Auburn Villager

Auburn City Council members voted unanimously to have city staff draft a resolution showing support for Opelika Mayor Gary Fuller and the city of Opelika’s potential legal fight regarding a proposed granite quarry outside its city limit.

The City Council will consider the resolution at its meeting on Tuesday.

The resolution was proposed by Ward 3 Councilwoman Beth Witten, who cited concern for the environmental quality of life in Opelika and Auburn that may be affected by the proposed quarry, despite the quarry being outside of city limits.

“The quarry, as whole, for any community, is something to be concerned about,” Witten said. “But I think its proximity in the county to Auburn and North Auburn in particular, we are talking about being within a mile to two miles of the site.

“We utilize Saugahatchee Lake and its resources so therefore, for me, it raised concern. This quarry is not best suited for its location and that’s why I wanted to ask the council's support in offering a resolution to the city of Opelika, who is adamantly working with everything behind them.”

Opelika residents received a public notice from the Alabama Department of Environmental Management on Jan. 21 stating that Creekwood Resources LLC, Inc. applied for an air and water permit for the proposed granite quarry on County Road 168 off US 431 North. 

The company, which is based in Florence, applied for a National Pollutant Discharge Elimination System (NPDES) permit for proposed discharges of treated drainage from wet and dry preparation at the facility. Affected water sources named included Saugahatchee Lake, Opelika’s main water source, associated areas of groundwater and an unnamed tributary to Saugahatchee Lake. 

An application was also submitted for an air permit, which would authorize the construction and operation of granite crushing, screening and conveying operations. According to Creekwood Resources, emissions of particles released during the process would be minimized by the use of wet suppression.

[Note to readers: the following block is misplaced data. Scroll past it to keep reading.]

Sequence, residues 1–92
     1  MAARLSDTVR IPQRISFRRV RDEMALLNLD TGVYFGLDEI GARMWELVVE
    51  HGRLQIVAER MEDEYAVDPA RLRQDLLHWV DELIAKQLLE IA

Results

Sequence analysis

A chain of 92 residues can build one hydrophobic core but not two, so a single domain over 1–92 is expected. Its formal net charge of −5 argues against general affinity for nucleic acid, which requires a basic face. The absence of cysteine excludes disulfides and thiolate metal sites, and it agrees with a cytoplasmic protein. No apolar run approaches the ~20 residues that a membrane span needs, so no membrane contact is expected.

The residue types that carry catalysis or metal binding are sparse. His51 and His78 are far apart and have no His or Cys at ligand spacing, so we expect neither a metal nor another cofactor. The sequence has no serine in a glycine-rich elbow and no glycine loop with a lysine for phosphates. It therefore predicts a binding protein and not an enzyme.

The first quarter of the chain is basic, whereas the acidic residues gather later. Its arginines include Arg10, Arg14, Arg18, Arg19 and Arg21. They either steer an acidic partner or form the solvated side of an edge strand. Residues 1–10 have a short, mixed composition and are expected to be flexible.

As of now, ADEM has determined that both permits are consistent with the state’s Anti-degredation and Water Quality Rules as well as state and federal air pollution control requirements. 

The city of Auburn has had a long-standing water relationship with the city of Opelika, according to City Manager Jim Buston.

“Right now, we currently get our water in Auburn from Ogletree Lake and a well,” Buston said. “We are in the works of a second well but when we are really in a bind, like during those summer months, we will purchase water from the City of Opelika.

“Because of that, whenever they have a threat to their water supply, it is a threat to us and we will stand behind them in their fight against that.”

Mayor Ron Anders also offered his support against the proposed quarry, citing its proximity to a well-known nonprofit that has provided services to Lee County for over 18 years. 

Opelika’s Storybook Farm joined the fight against the proposed quarry due to its location near the ranch, taking to social media to post graphics with the hashtag #SAVESTORYBOOK. 

According to Dena Little, founder of Storybook Farm, it would crush the nonprofit’s mission of providing hope on horseback. 

“We see about 1,500 kids, yearly, who are emotionally and medically fragile,” Little said. “I can’t imagine how we will accomplish what we would like to accomplish with dynamite and a quarry literally less than 1,000 yards away.”

Since its opening, the farm has provided a variety of in-depth, healing interactions and therapy for children with special needs. Storybook’s services have always remained free of charge to families in need thanks to donors and partnerships. 

The nonprofit prides itself on providing healing through human-animal bonding, something that Little also fears will be in danger.

“We are talking about noise, air and potential water pollution,” said Little. “It will not only be terrible for our families but also terrible for horses, dogs, cats, donkeys and even our goat.

“I fear that if we can’t stop this quarry, we would be in danger of shutting down.”

Storybook and the city of Opelika are urging concerned citizens to get involved by writing a letter to ADEM demanding a public hearing on the quarry. Both have provided a sample letter that can be printed, signed and mailed.

The Alabama Department of Environmental Management must receive quarry opposition letters by 5 p.m. on Feb. 20. Further details and sample letters can be found at and also at

The Auburn City Council will introduce their resolution in support of Opelika at its meeting on Tuesday. 

As for Storybook Farm, Little says they won’t be going down without a fight.

“We’ve done too much work at Storybook. They want a fight — well so do we.”

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